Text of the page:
December 19th 1540 GMT
The waning gibbous moon was low in the east and I took some frames with my DSLR at 300mm focal length, ISO 400 and 1/1000 second exposure.
December 19th 1050 GMT
I had some clear sky but the Sun appeared featureless in hydrogen alpha light, despite a lot of etalon tuning.
December 18th 2215 GMT
It had been very wet but there was finally a clear patch. It was very wet, so I did not feel keen to expose any photographic gear to the elements for long. Comet Wirtanen was also very near the Moon. I did some DSLR shots of the Moon only, using my usual techniques.
December 17th 0105 GMT
After a very wet day, it cleared for a while. It took me some time to track down Comet Wirtanen. Although I could see no sign of a tail, there was a definite condensation in the centre that I hadn’t seen visually before. I took several frames at 70mm and 300mm focal length of the comet and the nearby Pleaides (M45).
This was a composite shot with some frames at 70mm focal length. DSS did not work so I used Microsoft ICE and a lot of processing to get rid of red noise.
The other frames at 300mm revealed less details than the close-ups. Astrophotography is like that sometimes!
December 13th 2240 GMT
I moved the camera to the general direction of M35 and saw a Geminid meteor pass south of Taurus into Cetus.
I only processed one set of frames. The others showed M35 but no meteors.
December 13th 2140 GMT
I was not able to see Comet Wirtanen through my camera viewfinder but set a trap anyway with ISO 6400, 70mm focal length and 8 seconds exposure. I hoped that if I missed the comet, I might catch a Geminid meteor or few.
While the camera was snapping away, I swept the same area of sky with my binoculars. The comet appeared like a large globular star cluster or elliptical galaxy with no sign of a tail. I estimated that the coma was at least a degree across.
The first set of frames showed the comet near the bottom right. Photographically, it appeared to have a brighter centre than it did visually. I also caught parts of the Hyades and Pleiades star clusters,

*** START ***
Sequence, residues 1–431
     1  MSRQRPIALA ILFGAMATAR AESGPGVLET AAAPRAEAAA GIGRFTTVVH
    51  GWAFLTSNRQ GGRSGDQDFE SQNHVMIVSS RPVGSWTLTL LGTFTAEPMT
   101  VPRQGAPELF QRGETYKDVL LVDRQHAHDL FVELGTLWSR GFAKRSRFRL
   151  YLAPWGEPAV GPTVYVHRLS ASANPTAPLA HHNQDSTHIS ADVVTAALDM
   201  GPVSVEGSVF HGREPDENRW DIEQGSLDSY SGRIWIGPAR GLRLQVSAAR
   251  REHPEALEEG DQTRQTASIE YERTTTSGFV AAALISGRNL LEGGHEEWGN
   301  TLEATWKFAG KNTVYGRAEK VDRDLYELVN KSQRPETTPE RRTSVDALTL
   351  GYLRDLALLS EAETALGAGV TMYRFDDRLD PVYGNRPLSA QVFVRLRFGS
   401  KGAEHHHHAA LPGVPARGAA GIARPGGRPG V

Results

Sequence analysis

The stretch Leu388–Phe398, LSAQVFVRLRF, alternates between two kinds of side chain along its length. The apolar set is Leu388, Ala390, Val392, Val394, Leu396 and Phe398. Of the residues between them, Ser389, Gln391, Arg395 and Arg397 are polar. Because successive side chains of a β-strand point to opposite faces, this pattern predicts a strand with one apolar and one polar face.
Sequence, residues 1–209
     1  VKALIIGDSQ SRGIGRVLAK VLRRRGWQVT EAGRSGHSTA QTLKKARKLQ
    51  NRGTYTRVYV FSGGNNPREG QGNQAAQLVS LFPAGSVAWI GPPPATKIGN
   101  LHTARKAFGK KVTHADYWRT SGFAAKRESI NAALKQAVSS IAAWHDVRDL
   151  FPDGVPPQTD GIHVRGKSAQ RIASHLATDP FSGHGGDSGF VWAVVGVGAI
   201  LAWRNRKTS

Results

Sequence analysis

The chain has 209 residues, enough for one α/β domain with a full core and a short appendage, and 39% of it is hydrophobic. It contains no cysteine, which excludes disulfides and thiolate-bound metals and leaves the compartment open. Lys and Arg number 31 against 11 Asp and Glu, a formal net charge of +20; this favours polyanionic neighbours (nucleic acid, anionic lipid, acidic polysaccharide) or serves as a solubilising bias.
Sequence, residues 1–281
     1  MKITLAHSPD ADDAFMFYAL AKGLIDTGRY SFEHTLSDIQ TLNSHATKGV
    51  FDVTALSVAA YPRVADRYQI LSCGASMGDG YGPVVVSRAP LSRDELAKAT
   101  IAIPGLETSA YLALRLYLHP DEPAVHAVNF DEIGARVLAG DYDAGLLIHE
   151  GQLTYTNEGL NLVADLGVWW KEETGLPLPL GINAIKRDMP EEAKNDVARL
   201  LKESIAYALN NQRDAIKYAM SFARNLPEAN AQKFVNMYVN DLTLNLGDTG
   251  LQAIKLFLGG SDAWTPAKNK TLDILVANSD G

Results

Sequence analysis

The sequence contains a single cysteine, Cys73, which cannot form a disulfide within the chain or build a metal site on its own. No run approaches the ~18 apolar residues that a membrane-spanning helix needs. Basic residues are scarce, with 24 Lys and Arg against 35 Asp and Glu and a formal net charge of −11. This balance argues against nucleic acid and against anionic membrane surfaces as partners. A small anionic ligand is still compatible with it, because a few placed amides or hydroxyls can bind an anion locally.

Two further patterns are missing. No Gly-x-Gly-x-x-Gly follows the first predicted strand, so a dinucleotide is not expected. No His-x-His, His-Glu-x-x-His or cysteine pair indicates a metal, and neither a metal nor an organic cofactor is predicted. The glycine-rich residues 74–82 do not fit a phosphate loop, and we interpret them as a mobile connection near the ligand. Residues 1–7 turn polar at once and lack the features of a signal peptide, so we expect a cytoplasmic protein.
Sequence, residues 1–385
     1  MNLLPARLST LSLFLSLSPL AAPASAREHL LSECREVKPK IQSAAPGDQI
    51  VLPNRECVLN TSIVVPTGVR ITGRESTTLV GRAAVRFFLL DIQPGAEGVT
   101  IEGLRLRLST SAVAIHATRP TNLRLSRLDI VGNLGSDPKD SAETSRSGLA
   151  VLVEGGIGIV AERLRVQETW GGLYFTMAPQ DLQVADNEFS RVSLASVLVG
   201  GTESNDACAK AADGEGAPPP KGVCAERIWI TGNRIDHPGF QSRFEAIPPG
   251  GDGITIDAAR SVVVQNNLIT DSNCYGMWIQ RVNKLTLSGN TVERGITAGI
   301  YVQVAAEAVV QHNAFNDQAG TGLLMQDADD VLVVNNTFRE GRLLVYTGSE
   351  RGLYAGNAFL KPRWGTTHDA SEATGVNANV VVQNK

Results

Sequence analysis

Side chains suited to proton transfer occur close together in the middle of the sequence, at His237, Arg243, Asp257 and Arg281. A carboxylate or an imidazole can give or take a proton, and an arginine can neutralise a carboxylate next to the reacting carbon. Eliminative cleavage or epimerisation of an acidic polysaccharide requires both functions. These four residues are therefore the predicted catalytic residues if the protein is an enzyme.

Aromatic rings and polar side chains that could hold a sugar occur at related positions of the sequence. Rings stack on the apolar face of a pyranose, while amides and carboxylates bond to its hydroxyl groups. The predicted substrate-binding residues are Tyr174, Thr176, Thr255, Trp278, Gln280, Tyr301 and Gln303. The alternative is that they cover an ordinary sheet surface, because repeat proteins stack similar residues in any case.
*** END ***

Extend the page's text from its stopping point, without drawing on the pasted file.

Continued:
The second set of frames caught the Hyades in full.
The remainder of the shots showed the Hyades but no meteors.
December 13th 1930 GMT
Conditions were quite poor but I tried to snap the waning crescent moon.
December 10th 0950 GMT
The Sun was low and visible through a gap in the clouds. I would have preferred to have seen it later in the day but the forecast was bad. It showed no detail visually and I was hoping that some would reveal itself in the photos. Well a bit did!
December 9th 2345 GMT
Conditions were the same as the night before, except that different sky patches were clear. However, there was still lots of moving thin cloud around the clear bits and photography was simply not feasible. This time, I saw the Pleaides (M45) again, which showed slightly more stars, the Orion Great Nebula (M42) and the Andromeda Galaxy (M31). The Plough showed quite nicely, so I bagged Alcor with Mizar. It was simply too cloudy to find the comet but I saw the Perseus Double Cluster and Melotte 20.
December 8th 2350 GMT
It was mostly cloudy, with a few breaks in the cloud, one of them, fortunately, being to the south. I kept scanning up and down the Taurus/Cetus borders. Whilst enjoying some widefield views of the Hyades (which I cannot capture in their entirety with my binoculars, it took me some time before I found a faint, diffuse object. It was Comet Wirtanen. Spectacular it wasn't and there was no hint of a tail. I was hoping for some better conditions in the next few days.
I also managed some nice views of the Pleaides (M45) and Beehive (M44) before cloud rolled in and I was pelted by rain. At least I saw some action during a bad period and saw my 21st comet ever.
December 4th 0635 GMT
The Moon and Venus were close together in the morning sky, so I used various combinations of zoom and ISO to capture the event.
December 3rd 2030 GMT
I started later than I expected, as I had to recharge my camera batteries. I aimed my camera at Perseus in an attempt to add to my mosaic. I stacked 25 frames at a time.